Is Texting and Driving More Dangerous Than Drunk Driving?

man texting and driving

It is an amazing and sobering phenomenon happening now with so many using social media to get their moments of entertainment and information. Even in the small town I live in it is impossible to drive from my home into town which is only six miles away and not see a cell phone to someone’s ear or two hands above the steering wheel of an oncoming car cradling a phone. Eyes and attention is certainly not on me as an oncoming driver but on whatever happens to be on the game screen of the phone.

Comparing texting/gaming against drunk driving statistics, it is interesting to see the trend of drunk driving fatalities decreasing–but discouraging to see the alarming rise in fatalities attributable to texting while driving. Criminal defense attorneys are seeing more and more cases of distracted driving accidents, where the person at-fault needs a defense attorney, due to the injuries caused to the other party.

The National Highway Traffic Safety Administration reported in 2002 there were 12,405 drunk driving fatalities, and that number had dropped to 9,296 in 2011–a 25% decrease. Distracted driving resulted in approximately 2,600 deaths in 2002 while increasing to 3,331 in 2011. That number translates into approximately 1.6 million accidents every year–about 25% of all driving accidents. With the introduction of self-driving cars there are even more possible distracted driving risks for drivers who put too much stock in the vehicle’s ability to navigate. The recent pedestrian death, caused by an Uber driver who was apparently streaming “The Voice” on her phone while driving the car, is a prime example. We will likely see a rise in autonomous car accidents with injuries.

It just so happens two Purdue economists, Mara Faccio and John J. McConnell, studying the effects of texting while driving, discovered a spike in traffic accidents in one Indiana county in the months following the release of Pok`emon Go. They reviewed nearly 12,000 detailed police reports for Tippecanoe County, Indiana, and found a disproportionate increase in vehicle crashes, injuries, and fatalities near Poke`Stops- real-world locations where players can collect Pok`e Balls and other in-game items.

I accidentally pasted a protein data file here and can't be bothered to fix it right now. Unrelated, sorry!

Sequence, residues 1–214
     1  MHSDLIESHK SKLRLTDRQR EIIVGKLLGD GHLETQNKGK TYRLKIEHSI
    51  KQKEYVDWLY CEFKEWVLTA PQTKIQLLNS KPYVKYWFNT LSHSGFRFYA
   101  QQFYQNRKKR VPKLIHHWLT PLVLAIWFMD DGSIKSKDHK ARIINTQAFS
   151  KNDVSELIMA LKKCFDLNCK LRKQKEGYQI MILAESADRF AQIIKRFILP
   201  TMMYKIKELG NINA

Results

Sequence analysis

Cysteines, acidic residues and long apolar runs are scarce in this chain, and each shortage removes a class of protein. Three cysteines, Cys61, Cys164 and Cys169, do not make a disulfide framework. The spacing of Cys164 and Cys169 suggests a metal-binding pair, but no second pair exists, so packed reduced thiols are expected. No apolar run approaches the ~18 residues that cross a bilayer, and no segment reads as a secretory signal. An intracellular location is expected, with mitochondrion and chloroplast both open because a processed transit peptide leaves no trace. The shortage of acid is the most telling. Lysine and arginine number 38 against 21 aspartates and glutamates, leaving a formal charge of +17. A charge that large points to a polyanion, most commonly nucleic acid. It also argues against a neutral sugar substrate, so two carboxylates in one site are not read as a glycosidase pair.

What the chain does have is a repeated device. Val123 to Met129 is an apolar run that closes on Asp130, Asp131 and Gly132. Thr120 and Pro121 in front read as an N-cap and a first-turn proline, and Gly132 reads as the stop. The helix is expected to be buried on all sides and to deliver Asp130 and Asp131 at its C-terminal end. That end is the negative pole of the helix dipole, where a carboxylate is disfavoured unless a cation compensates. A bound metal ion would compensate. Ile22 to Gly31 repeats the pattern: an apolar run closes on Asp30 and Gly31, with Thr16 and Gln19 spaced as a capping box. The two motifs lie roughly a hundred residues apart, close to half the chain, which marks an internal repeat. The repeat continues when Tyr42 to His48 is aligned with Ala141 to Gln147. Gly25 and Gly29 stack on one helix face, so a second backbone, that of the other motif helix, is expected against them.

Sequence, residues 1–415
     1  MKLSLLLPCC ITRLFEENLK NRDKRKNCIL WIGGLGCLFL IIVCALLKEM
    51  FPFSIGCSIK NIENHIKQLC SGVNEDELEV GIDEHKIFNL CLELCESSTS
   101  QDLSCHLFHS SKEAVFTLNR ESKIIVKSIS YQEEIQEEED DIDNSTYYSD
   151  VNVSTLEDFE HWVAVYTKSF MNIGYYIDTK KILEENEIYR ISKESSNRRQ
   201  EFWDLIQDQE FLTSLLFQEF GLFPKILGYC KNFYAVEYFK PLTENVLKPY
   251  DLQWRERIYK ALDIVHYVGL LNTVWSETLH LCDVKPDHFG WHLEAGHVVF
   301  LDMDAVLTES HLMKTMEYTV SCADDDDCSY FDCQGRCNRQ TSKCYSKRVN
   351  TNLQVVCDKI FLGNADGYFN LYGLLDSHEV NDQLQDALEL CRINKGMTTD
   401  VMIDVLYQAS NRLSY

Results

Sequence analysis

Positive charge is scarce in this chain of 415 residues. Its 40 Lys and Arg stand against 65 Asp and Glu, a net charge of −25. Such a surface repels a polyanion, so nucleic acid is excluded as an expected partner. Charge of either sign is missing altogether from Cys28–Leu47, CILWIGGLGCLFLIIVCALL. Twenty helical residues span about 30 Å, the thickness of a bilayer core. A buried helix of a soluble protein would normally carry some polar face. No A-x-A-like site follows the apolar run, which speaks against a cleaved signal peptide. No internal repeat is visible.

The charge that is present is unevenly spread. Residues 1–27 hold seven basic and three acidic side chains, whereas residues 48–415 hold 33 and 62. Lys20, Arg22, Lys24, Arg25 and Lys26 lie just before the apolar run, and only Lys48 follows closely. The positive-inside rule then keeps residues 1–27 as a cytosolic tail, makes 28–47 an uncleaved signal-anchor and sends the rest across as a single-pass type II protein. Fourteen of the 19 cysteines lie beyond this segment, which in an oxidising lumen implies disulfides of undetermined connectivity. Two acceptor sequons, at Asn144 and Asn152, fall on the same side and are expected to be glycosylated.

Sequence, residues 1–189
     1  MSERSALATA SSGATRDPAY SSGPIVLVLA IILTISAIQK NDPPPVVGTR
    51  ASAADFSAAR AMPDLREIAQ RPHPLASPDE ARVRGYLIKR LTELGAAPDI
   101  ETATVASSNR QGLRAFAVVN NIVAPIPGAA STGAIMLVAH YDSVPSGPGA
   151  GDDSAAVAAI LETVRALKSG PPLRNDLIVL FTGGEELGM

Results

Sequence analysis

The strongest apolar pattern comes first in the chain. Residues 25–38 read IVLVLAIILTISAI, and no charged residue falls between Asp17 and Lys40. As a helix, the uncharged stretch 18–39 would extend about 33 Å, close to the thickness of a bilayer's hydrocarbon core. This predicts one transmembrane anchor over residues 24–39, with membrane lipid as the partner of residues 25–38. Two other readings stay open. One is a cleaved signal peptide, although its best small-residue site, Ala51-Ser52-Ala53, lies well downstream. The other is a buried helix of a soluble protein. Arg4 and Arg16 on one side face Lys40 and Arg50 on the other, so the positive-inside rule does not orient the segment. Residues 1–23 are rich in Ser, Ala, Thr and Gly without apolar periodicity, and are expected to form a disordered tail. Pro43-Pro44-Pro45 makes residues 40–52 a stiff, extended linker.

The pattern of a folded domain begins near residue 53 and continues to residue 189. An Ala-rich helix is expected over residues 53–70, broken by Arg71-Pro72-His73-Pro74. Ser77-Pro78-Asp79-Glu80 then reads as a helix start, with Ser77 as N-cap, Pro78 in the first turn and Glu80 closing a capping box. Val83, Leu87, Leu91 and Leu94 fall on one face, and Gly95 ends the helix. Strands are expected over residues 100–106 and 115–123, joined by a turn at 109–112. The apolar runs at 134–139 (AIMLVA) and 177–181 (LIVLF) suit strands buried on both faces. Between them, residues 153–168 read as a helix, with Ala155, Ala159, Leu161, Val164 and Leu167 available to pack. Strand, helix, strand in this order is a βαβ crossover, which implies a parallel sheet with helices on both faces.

They discovered in the first 148 days of its release, Pok`emon was responsible for 134 accidents with an estimated $498,567 in vehicular damages, 31 injuries and two deaths. They said extrapolating these results across the nation would be speculative, more than 145,000 accidents, more than 29,000 injuries and an estimated 256 additional deaths could be due to playing the game while driving. The implied nationwide economic cost of these accidents range from $2 billion to $7.3 billion. (Study: ‘Pok`emon Go’ led to increase in traffic accidents. Rolling Stone, Stefanie Fogel 12/19/2017.)

The National Highway Traffic Safety Administration (NHTSA) commissioned a study in 2017 published in the Journal of the American Medical Association which used keywords like “Pok`emon” and “driving” to mine data regarding the correlation, discovered these figures from July 10, 2016, to July 19, 2017. Out of nearly 3,500,000 tweets, they sent a random sample of 4,000 to investigators to determine whether a driver, passenger, or pedestrian was playing Pok`emon Go. They found that 33 percent of tweets indicated someone was distracted by the game. That’s over 113,000 incidents in just 10 days. (ibid)